Thanks to one of my pianist colleagues at the opera, I had a memory lane trip that I have just revised and expanded with the help of Google. See, for about a month in 1988, I was in an R & B band fronted by a driven young 13 year old who now has a crazy website. This is no joke. I am proud of her even though she is wearing buttfloss on her website, because she has all of the self-marketing mojo that I lack, and then some. And girl, I apologize for blowing your age cover by revealing that we were 13 in 1988.

I do believe our band was called "Ice."

Anyway, what brought this all crashing back today was my pianist colleague--the same guy who suggested that my "first day of opera camp" outfit was great because it looked like a 70s detergent box--singing a little Janet Jackson, specifically "When I Think of You," which was and is a great song. It has come up more than once in the last week, in fact. We were actually discussing The Jacksons today, and how Jermaine has a son called "Jermajesty," which is funny every single time I think about it. "I like to think about Tito," my friend said. "Like what is he doing right now?"

"Eating a McRib sandwich," I posited.

But back to Janet. My short-lived stint as an R & B keyboardist was based on the totally false premise that I was a good piano player. I had taken 5 years of piano at that point, and this remains the sum total of my piano instruction. I had also been roped into improvising an accompaniment to my junior high choir rendition of "Lean On Me," the Club Nouveau version. I am sure that I sucked, but this solidified my reputation as a pianist.

So the singer convinced me to come to a practice in her basement, where the gear was all set up, her dad was playing the bass, and I was given the music for "When I Think of You." For the keyboard player, this involves like three chords, which I immediately memorized, creating a further false impression that I was some sort of genius. I was also allowed to sing a verse, which I am certain I did with my burgeoning whitegirl vibrato.

Later, the singer's mom quizzed me on what whitefolks eat for dinner and found that tacos are pretty universal. This detail was, I think, my pianist friend's favorite part of the story.

I have removed the culottes and now I am going to bed.

Sunday, July 15, 2007

Do right woman, do right man.

Morality might be hard-wired into the brain, like language. So say the cognitive neuroscientists investigating the neural basis of moral cognition. I couldn't find a link to the actual study for your reading pleasure, but another study by the same neuroscientists, Jorge Moll and Jordan Grafman, shows that making charitable donations activates the brain's reward system in the same way that receiving monetary rewards does.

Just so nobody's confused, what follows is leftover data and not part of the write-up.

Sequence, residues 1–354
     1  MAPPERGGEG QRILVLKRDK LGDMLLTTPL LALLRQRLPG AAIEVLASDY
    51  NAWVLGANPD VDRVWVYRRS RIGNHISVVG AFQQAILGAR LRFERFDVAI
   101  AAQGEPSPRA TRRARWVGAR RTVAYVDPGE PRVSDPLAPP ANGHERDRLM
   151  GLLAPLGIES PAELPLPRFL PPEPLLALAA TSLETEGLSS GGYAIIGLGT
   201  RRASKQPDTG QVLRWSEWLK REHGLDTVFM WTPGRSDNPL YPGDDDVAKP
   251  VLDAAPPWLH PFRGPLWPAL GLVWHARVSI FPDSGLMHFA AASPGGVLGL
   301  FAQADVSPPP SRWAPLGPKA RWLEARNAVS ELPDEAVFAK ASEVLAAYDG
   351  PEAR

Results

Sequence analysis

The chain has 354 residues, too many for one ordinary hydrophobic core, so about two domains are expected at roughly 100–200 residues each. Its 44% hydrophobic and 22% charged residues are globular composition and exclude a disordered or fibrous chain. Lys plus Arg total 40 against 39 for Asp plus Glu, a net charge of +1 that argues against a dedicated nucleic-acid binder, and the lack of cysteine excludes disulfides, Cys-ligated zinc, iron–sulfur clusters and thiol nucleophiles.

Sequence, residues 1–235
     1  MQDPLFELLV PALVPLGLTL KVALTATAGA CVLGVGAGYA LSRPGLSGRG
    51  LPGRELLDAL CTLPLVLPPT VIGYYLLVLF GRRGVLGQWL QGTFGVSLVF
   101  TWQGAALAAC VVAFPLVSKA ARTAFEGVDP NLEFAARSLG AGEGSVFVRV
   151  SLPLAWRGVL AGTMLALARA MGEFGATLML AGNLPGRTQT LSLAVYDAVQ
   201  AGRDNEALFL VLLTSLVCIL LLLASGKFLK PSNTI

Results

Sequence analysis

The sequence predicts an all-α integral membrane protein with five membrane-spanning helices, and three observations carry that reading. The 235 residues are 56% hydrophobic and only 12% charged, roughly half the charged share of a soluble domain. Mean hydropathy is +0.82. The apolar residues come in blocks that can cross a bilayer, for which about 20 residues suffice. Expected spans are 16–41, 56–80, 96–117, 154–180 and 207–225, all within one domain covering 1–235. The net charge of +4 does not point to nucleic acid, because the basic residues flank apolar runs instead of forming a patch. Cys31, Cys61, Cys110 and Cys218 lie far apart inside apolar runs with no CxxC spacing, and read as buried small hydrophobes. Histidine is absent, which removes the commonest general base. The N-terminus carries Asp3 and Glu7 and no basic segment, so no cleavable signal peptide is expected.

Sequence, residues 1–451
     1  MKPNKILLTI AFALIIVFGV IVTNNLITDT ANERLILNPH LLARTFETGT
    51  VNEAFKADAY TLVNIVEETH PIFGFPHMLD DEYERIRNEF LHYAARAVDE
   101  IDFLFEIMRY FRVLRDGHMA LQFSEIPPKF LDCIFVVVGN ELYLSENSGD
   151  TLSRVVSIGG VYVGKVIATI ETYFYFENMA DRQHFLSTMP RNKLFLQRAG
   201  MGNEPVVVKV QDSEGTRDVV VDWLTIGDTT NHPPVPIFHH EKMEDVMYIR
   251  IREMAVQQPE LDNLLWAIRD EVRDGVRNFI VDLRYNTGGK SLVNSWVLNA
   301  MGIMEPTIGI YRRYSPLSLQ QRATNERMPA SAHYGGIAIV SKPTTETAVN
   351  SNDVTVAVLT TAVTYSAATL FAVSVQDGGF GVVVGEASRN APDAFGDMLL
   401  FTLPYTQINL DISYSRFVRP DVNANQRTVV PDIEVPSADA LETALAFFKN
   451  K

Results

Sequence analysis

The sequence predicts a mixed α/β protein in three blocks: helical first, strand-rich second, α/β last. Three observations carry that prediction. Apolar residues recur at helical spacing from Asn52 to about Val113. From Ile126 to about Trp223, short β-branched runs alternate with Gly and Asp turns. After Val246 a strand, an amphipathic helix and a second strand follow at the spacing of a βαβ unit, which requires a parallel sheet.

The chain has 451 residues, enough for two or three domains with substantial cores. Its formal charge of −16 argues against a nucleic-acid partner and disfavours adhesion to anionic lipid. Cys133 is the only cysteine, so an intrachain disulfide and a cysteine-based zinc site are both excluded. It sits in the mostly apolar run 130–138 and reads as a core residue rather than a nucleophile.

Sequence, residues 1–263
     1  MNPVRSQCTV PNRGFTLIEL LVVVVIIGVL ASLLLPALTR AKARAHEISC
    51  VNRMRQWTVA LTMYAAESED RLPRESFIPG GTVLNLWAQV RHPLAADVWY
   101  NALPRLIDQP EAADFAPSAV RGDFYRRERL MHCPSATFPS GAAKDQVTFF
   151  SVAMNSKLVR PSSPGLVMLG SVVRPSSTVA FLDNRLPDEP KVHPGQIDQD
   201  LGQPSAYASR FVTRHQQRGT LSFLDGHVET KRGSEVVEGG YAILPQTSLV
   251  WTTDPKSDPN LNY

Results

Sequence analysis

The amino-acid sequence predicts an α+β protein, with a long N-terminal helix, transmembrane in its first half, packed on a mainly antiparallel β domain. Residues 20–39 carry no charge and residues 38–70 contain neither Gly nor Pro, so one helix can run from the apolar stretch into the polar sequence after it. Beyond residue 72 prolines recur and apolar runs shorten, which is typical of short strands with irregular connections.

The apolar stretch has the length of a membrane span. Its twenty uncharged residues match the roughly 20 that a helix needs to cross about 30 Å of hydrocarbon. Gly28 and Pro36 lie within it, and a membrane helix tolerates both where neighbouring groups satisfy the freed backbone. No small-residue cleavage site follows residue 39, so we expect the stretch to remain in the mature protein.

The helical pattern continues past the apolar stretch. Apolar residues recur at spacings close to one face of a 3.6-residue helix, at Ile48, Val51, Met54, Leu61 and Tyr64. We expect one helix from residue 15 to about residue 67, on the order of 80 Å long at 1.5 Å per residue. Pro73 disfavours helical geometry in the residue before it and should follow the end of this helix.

I don't know about you, but I love finding out there's a physiological basis for stuff like moral behavior. This is why I'm a fan of the enteric nervous system, which is responsible for your gut feelings.

Wednesday, July 11, 2007

Just this, from birth to death.

I'm not jaded about where I live, and never have been. It is true that Midwesterners in general have a massive front of niceness that is really not at all false--it's a cultural imperative--but it's sort of like they're wearing a porch on the house of their actual emotions, and it may take some time before you feel like you really know them. Oh yes, won't you sit down and have some lemonade, but I think we'll just stay out here because the front door sticks a little bit. But the niceness is real, as far as I'm concerned--it doesn't strike a false note.

My drive home from opera camp winds all the way down the river road and it occurred to me today, not for the first time (or the last), that it is rather magnificent to live along one of the world's great rivers and to walk along it and cross it as casually as other folks walk down the street. I took a long walk during our break yesterday to find some lunch and to take some pictures--nothing special, just a tuna melt and some old bricks and peeling paint. At Lund's, the (female) cashier called me "baby" and seized my wrist to examine my bracelets. (Maybe she didn't grow up in the Twin Cities.) A dumpy young hipster in mismatched browns nearly passed me, and then suddenly asked if my dress was vintage. "It's really cool," he said. I was filled with fellow-feeling, and my lunch was delicious.

On the way home, I pass historic mills and drive beneath the shadow of the Guthrie's jutting promenade. At Lake Street, the bridge over the river into St Paul was crowded with peace demonstrators today. You can see some of them most Wednesdays during rush hour, but for some reason they took my breath away today. Their homemade signs said honk for peace, no blind loyalty to bad policy, end torture, Presbyterians (and all kinds of other religions) for peace. I honked and threw peace signs. Fellow-feeling is easy to come by in the summertime.

During post-game wrapup today at opera camp, someone suggested that the choreographic approach to one of the chorus scenes should involve krumping. I will be laughing about this for the rest of the day. If you would like to see a really embarrassing demonstration of krumping, please go to this clip from Bring It On: All or Nothing. I would really like to skip the hip-hop class tonight, but how can I after re-watching the krumpin?

Sunday, July 08, 2007

They stand in the way of love and we will smoke them all.

June kind of bit me in the ass, my friends. I spent way too much of it thinking about or dealing with my various pee issues and now I have, like, a mini-cold. I am grateful that it is mini, but still, the sinus pressure has been enough that I have needed constant naps the past few days. Really really ridiculous. Shall I tell you about my kidney infection? I think I won't, except to say that kidney pain ain't no joke, and surprisingly I have not missed coffee during this toxic time in my life.

Other odds and ends:

I bought this on etsy:

I have been digging the following blogs:
Poppytalk, a Canadian design blog.
Shelterrific, a home blog.

I'm teaching, or wrangling, at an opera camp for the next two weeks, which should be good times. I keep thinking about the things I usually get done during the day, though, and it's confusing me that I'm going to be employed in a more standard way instead.

I have not practiced the dance combo from my sister's hip-hop class in 1.5 weeks. I am going to be tragic in this week's class.